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SDG 2: Zero hunger

SDG 2: "End hunger, achieve food security and improved nutrition and promote sustainable agriculture". As the fastest and largest global technology uptake in history, mobile broadband has the potential to positively impact all of the 17 SDGs. While there are considerable challenges to be tackled in achieving this ambitious agenda, the examples of our products, services and solutions demonstrate the role ICT can play in accelerating the achievement of the Global Goals.

ICT's role in reaching this goal


ICT positively impacts GDP across the development scale. ICT can bring solutions in the areas of nutrition and sustainable agriculture, it can also aid in humanitarian circumstances, improving people's ability to access basic goods in times of crisis. When it comes specifically to food, ICT access such as SMS, can improve the sustainability of agriculture by empowering farmers and fishermen in rural communities to run their businesses more efficiently and reach new markets which can be a trigger for increasing productivity.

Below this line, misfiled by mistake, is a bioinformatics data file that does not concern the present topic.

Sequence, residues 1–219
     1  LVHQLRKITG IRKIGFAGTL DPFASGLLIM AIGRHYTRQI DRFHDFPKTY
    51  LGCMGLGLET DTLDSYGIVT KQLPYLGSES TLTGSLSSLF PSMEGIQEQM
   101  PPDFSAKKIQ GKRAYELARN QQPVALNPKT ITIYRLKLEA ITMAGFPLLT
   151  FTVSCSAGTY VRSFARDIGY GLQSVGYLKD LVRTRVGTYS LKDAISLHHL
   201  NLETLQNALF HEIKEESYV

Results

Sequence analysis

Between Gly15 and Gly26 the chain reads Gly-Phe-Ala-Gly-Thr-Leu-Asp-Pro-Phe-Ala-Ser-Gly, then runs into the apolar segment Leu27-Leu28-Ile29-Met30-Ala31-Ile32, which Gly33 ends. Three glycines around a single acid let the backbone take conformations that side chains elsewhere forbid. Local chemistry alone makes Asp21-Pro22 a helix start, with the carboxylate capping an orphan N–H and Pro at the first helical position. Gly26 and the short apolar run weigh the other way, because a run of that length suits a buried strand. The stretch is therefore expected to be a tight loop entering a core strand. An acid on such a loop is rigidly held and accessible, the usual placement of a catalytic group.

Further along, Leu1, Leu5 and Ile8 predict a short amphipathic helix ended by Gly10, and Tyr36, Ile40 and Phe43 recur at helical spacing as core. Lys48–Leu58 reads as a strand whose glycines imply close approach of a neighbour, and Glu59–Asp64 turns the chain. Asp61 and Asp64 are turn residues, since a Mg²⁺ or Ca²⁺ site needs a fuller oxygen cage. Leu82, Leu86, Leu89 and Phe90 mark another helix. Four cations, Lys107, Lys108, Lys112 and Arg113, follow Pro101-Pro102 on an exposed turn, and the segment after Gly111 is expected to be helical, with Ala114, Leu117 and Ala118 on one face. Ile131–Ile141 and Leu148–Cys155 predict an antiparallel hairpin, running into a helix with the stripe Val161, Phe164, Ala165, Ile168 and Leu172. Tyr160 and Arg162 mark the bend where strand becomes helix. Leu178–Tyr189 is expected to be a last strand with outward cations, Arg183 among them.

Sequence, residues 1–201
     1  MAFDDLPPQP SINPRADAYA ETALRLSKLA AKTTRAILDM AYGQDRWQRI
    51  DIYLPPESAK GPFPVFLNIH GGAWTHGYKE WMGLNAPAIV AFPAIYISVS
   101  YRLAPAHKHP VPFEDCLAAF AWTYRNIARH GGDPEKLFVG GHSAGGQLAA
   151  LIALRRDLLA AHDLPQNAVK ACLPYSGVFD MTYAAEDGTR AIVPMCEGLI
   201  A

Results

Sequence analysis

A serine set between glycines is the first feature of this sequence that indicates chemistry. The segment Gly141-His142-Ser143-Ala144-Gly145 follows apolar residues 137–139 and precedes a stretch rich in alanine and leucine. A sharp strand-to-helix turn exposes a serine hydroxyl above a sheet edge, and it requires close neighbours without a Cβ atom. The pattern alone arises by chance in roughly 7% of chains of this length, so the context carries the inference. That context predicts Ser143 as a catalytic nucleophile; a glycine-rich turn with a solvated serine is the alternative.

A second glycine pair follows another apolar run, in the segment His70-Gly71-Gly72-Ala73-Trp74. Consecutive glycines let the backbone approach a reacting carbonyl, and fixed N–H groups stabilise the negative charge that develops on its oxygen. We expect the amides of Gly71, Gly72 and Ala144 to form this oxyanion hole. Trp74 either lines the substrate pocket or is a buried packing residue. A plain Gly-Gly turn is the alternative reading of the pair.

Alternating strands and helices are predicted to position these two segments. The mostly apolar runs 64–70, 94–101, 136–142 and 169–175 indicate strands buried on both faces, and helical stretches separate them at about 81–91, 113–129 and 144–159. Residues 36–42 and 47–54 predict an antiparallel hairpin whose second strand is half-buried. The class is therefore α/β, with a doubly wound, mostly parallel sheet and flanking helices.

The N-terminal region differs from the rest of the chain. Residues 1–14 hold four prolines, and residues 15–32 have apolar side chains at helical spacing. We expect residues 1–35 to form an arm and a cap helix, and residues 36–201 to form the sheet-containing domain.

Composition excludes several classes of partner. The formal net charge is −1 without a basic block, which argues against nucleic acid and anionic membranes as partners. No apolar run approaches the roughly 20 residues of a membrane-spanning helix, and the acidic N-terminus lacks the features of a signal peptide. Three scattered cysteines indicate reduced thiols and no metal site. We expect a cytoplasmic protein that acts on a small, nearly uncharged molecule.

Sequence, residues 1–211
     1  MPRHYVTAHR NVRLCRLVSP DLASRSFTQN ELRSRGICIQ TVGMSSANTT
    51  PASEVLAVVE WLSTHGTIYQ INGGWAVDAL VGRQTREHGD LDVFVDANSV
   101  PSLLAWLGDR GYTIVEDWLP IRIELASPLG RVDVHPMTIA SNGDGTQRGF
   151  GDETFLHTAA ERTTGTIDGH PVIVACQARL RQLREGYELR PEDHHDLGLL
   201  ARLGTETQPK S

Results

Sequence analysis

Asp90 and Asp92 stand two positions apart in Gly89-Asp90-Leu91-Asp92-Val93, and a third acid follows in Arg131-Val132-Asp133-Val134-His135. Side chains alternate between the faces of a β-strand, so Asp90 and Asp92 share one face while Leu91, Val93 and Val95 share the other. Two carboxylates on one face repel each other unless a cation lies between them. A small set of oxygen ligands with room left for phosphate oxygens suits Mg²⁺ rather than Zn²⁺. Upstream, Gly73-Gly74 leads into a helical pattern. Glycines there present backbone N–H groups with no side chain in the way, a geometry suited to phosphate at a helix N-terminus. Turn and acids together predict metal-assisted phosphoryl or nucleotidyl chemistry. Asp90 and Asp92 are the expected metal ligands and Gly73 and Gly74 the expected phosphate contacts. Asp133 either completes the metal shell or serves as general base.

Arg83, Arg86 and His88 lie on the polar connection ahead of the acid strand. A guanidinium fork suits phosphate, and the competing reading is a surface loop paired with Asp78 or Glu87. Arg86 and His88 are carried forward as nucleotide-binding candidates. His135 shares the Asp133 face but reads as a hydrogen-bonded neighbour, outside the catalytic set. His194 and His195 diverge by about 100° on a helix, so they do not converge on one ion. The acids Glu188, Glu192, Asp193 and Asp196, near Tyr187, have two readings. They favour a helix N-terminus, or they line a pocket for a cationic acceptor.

ICT solutions making an impact

IoT farming in Japan

IoT farming, Japan

PS Solutions, affiliated with SoftBank, and CKD are using Ericsson IoT Accelerator together with artificial intelligence (AI) technologies to optimize agricultural processes. The platform provides integration of new IoT devices as agriculturalists need them and immediate access to devices after installation, enabled by the Ericsson IoT Accelerator platform.

The future of food

The future of food

The Ericsson Innovation Awards 2017, with the theme 'The future of food', challenged students from around the world to explore how ICT can transform the way we produce, transport, distribute and consume food. Team SNAP, from the Indian Institute of Technology Roorkee, was named the overall winner of Ericsson Innovation Awards 2017. SNAP's solution reduces cost and inefficiency of soil sample analytics by providing farmers with real-time data enabling them to select appropriate fertilizers.

2,500 Registered students from 75 countries

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